Chapelle (2001) developed criteria for CALL media selection that included language learning potential, learner fit, meaning focus, authenticity, positive feedback, and practicality. Other SLA researchers have used it to vet video game selection for their research (Miller and Hegelheimer, 2006). This criteria is a great way for me to share how impressed I am as an ESL educator with EQ2 as a medium for informal learning. Here are my initial understandings of the fit with the CALL criteria proposed by Chapelle: (albeit brief…)

  • Language Learning Potential: Text-based and/or live chats with native English speakers; written support of all communication in chat logs and speech bubbles; scaffolded introduction to each player’s role; and environment, animation and audible alerts enhance understanding
  • Learner Fit: Current literature indicates promise for gaming for educational purposes; EQ2 is rated T for Teen (ESRB, 2016) for a more approachable theme; and participants are university students who are familiar with online gaming
  • Meaning Focus: Role-play takes on meaning of several narratives on various kingdoms; and encounters provide salutations, skirmishes, and humor,
  • Authenticity: 5000 creatures to encounter on 8000 quests for situated learning encounters with non-playing characters and gamers; capability to build your own virtual identity; and possibility of failure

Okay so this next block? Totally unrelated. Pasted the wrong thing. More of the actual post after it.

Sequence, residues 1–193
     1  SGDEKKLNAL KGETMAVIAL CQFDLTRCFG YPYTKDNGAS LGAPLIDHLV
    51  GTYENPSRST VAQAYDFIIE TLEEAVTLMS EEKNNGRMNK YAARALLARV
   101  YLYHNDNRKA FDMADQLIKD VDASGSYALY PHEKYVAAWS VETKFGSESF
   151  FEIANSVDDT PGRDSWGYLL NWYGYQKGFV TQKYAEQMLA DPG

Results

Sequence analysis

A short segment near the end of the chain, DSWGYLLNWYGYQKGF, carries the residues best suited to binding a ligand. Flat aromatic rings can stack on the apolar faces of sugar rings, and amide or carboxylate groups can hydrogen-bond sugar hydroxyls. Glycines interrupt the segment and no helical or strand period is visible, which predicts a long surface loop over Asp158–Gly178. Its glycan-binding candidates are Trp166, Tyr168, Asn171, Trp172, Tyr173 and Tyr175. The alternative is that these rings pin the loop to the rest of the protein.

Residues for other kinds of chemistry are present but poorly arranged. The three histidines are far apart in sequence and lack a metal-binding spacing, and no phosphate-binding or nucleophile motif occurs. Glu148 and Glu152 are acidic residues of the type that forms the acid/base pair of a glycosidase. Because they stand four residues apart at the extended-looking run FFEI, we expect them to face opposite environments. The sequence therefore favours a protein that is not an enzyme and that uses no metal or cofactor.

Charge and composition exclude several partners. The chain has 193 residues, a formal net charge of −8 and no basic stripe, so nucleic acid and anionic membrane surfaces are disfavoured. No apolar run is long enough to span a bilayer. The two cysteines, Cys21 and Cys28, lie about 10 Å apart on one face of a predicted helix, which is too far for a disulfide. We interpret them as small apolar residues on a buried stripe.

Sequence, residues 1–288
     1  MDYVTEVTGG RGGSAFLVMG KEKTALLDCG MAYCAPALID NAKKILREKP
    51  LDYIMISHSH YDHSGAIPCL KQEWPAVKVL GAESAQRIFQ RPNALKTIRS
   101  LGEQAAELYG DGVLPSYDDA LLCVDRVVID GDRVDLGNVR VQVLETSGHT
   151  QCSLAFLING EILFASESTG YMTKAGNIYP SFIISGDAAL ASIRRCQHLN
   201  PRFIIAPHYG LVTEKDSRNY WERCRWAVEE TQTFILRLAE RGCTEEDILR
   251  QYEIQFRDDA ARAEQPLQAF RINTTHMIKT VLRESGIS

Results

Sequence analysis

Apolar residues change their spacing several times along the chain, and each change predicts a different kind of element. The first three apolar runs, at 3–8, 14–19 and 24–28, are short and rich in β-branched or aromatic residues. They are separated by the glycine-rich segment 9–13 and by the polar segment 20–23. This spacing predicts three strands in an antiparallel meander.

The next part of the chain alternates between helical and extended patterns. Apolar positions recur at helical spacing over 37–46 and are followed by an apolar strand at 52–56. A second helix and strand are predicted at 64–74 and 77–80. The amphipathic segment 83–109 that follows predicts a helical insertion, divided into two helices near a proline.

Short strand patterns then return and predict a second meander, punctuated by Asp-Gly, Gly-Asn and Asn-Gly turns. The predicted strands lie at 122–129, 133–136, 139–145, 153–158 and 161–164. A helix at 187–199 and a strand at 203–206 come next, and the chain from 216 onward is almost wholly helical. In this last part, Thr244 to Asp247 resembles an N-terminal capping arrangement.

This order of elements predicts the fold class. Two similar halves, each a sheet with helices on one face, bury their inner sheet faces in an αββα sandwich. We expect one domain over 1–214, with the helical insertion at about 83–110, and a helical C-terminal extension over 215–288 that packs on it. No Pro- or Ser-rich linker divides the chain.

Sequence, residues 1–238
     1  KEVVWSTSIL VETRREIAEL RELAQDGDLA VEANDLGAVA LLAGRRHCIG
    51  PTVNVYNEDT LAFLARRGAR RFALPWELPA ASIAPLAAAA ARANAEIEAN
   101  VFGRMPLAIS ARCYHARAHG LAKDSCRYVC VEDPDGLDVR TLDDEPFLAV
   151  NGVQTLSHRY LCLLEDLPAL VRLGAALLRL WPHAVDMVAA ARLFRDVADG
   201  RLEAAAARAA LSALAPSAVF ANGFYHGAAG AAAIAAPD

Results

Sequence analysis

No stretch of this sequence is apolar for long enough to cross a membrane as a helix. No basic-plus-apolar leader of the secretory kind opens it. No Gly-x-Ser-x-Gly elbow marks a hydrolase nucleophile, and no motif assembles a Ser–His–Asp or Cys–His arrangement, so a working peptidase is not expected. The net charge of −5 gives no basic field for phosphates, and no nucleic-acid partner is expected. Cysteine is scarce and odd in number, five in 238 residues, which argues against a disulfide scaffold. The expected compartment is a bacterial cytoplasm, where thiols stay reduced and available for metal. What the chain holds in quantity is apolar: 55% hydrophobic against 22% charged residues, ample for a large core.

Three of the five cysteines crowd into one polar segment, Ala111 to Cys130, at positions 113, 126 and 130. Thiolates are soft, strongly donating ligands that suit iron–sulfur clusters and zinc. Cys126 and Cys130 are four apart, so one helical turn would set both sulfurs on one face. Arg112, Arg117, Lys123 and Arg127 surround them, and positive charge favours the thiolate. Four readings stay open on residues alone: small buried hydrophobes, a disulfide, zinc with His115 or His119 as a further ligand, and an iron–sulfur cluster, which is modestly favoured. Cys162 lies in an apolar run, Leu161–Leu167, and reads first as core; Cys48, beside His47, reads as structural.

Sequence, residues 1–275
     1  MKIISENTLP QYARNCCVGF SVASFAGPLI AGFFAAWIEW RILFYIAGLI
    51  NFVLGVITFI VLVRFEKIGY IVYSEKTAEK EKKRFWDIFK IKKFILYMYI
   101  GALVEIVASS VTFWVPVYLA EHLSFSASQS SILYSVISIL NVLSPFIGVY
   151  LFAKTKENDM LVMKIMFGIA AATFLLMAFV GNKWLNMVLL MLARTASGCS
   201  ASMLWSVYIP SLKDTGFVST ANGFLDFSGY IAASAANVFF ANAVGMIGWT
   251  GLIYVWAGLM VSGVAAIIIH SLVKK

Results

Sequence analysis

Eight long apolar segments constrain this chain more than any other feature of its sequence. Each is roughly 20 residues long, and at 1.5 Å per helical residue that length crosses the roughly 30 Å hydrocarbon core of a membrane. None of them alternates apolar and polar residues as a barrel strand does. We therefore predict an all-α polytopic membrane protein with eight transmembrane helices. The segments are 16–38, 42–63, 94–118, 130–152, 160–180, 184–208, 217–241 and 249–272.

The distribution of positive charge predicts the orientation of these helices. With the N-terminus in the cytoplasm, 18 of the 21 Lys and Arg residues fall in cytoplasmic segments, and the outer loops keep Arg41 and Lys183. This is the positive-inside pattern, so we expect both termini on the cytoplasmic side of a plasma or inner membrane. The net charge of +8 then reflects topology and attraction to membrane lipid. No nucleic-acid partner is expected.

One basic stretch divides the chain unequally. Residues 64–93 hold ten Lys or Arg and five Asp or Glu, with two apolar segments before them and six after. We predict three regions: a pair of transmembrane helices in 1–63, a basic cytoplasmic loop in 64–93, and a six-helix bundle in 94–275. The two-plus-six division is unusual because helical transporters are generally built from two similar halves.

• Positive Feedback:  Level-up announcements; tokens for continuance in gameplay; game currency for quest completion; and rewards for being courageous, etc.
  • Practicality: Free up to 91 levels of play; online for ease of access anytime; and tutorials available in-game and on YouTube; and user-friendly tips and error messages.

Drawbacks include the need to have sufficient computer graphic card, hard drive storage space, and the support of a “gaming coach” for those first-time gamers.  I realize that EQ2 is no longer the most sophisticated or popular game since its heyday was around 2011. Actually, this is why I selected this video game for my research study—so that participants will likely not be familiar with it.

References

Millard, E. (2002). Boys and the Blackstuff. National Association of for the Teaching of English (NATE) Newsletter, 16, January.

Chapelle, C. A. (2001). Computer applications in second language acquisition: Foundations for teaching, testing, and research. Cambridge, MA: Cambridge University Press.